One of the most popular methods for getting brain cells working is to solve puzzles or riddles, which force you to think in unusual or creative ways. Puzzles and riddles help exercise your mind because they involve a host of mental tasks, including mathematics, logical reasoning, pattern recognition, and nonlinear thinking.
While puzzles and games are obvious choices for keeping memory sharp, it also helps to expose yourself to new and interesting environments. Research with animals has clearly shown that novel, stimulating environments can stop the brain from shrinking with age and actually improve brain-cell connections and boost memory skills. Get out and see new places, do new things, take up a new sport, or start a hobby. Visit museums or places of interest in your town you've never taken the time to explore before.
If you stay active, interested in life, and engaged in the world around you, your memory doesn't have to deteriorate as you grow older. Even if you can't get out much, try to ensure that your home environment and daily life are stimulating and enriched, with lots of colors, sounds, smells, and things to do. Here are some ideas:
- Make sure you have music playing for at least a little while every day; while any music is good, research has found that classical music is especially stimulating to the intellect.
- Keep lots of books on hand, and make time to read them. If you can't block out specific reading times, keep a paperback in your purse or briefcase so you can squeeze in some reading while you're riding a train or bus or waiting for an appointment.
- Add a fish tank to your home or office with lots of colorful fish and interesting tank toys.
- Paint the walls of your home interesting, unusual colors or add some wallpaper. Select interesting art, knickknacks, rugs, and curtains. Try to include a variety of textures with things like pillows, blankets, and furniture fabrics.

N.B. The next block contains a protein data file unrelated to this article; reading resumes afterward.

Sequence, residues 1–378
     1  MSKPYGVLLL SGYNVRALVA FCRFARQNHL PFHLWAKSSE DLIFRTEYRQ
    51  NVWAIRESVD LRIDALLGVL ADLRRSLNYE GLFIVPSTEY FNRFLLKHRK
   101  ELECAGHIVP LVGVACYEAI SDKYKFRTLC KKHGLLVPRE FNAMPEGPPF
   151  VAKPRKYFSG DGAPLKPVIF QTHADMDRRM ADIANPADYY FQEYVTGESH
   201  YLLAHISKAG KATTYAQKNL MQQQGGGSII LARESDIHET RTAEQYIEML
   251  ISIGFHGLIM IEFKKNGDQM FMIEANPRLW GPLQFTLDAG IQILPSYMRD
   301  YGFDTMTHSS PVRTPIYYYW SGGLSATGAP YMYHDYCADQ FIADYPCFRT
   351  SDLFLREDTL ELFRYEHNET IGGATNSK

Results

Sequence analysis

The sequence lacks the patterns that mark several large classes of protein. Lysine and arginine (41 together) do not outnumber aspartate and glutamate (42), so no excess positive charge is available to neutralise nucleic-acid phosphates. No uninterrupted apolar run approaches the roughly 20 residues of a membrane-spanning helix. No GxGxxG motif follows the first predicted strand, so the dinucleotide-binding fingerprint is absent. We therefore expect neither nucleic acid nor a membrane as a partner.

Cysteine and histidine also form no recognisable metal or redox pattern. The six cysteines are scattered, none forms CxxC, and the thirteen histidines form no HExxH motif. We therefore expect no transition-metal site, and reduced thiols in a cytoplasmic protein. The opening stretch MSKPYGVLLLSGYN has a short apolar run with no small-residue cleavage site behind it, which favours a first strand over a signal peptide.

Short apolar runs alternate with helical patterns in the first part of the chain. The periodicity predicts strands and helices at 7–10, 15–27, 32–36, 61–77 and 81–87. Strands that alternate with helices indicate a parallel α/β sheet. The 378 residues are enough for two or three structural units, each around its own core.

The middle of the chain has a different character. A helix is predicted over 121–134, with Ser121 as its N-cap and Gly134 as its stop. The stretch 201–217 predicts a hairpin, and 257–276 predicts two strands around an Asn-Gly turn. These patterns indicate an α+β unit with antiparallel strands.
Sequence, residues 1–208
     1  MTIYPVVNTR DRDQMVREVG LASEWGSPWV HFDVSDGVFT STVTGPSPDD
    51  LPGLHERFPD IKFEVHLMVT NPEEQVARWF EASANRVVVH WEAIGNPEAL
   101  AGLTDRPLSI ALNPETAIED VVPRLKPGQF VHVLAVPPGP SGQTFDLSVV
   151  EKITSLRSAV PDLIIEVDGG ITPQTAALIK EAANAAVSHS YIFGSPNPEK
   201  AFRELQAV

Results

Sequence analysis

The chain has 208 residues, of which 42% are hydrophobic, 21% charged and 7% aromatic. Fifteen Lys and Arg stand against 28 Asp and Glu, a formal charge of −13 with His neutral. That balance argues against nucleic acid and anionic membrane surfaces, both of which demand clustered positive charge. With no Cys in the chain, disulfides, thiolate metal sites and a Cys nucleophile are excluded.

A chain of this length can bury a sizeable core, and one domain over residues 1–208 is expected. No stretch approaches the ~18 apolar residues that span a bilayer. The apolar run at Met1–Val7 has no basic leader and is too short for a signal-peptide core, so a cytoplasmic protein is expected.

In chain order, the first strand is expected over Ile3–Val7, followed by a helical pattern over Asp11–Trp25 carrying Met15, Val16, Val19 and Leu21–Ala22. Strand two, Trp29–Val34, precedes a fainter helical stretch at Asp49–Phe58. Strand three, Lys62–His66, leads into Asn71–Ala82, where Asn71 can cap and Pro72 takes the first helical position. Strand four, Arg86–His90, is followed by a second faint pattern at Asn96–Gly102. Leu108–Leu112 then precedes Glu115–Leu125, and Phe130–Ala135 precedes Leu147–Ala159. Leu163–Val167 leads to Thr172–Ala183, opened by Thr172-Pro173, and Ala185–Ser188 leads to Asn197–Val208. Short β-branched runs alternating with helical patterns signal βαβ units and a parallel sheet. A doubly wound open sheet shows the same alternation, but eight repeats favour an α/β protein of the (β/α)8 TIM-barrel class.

- If you have the space, put a birdhouse and a bird feeder or birdbath outside your window, and keep a pair of binoculars handy. Add some brightly colored flowers to your yard or place planters or window boxes outside your windows.
- Don't forget the flowers indoors, too; the colors and smells will be an added sensory boost.
- Set out a jigsaw puzzle or chessboard and regularly engage visitors in a game.
- Plug in a computer and use it to surf the Internet or play a challenging game; computer games can improve memory in such fun ways you'll hardly notice the effort.
- Try cooking food from a different culture, or visit restaurants with cuisines that are not usually on your menu.
- Include others in your life. Some research indicates that strong social connections can help stave off depression and Alzheimer's disease and keep you alert and interested in life. Make an effort to spend time with other people, especially if you do not have relatives or close friends nearby. Join a book club, a bowling league, or a study group at your place of worship or check into local volunteer activities that can bring you in touch with a variety of new people. Write letters or make phone calls to distant relatives and long-lost friends or try going online and finding out about people from all over the world through e-mail, message boards, discussion groups, and chat rooms.
Remember, anything that engages the senses will help to stimulate your mind and strengthen your memory. So touch, feel, smell, and experience new things as often as you can.
Visualization is another good exercise for your brain. As you sit in your car in a traffic jam, wait for a doctor's appointment, or lie in bed before you fall asleep, try to visualize something from your childhood: your bedroom in the house where you grew up, your first-grade classroom, the inside of your parents' car when you were a teenager. Visualization helps stimulate the mind and can also serve as a relaxation tool by distracting you from worries and stresses.
It is possible, however, to actually get better at remembering those things you tend to forget. On the next page, get tips on how to actually improve your memory.
To learn more about the various aspects of memory, see: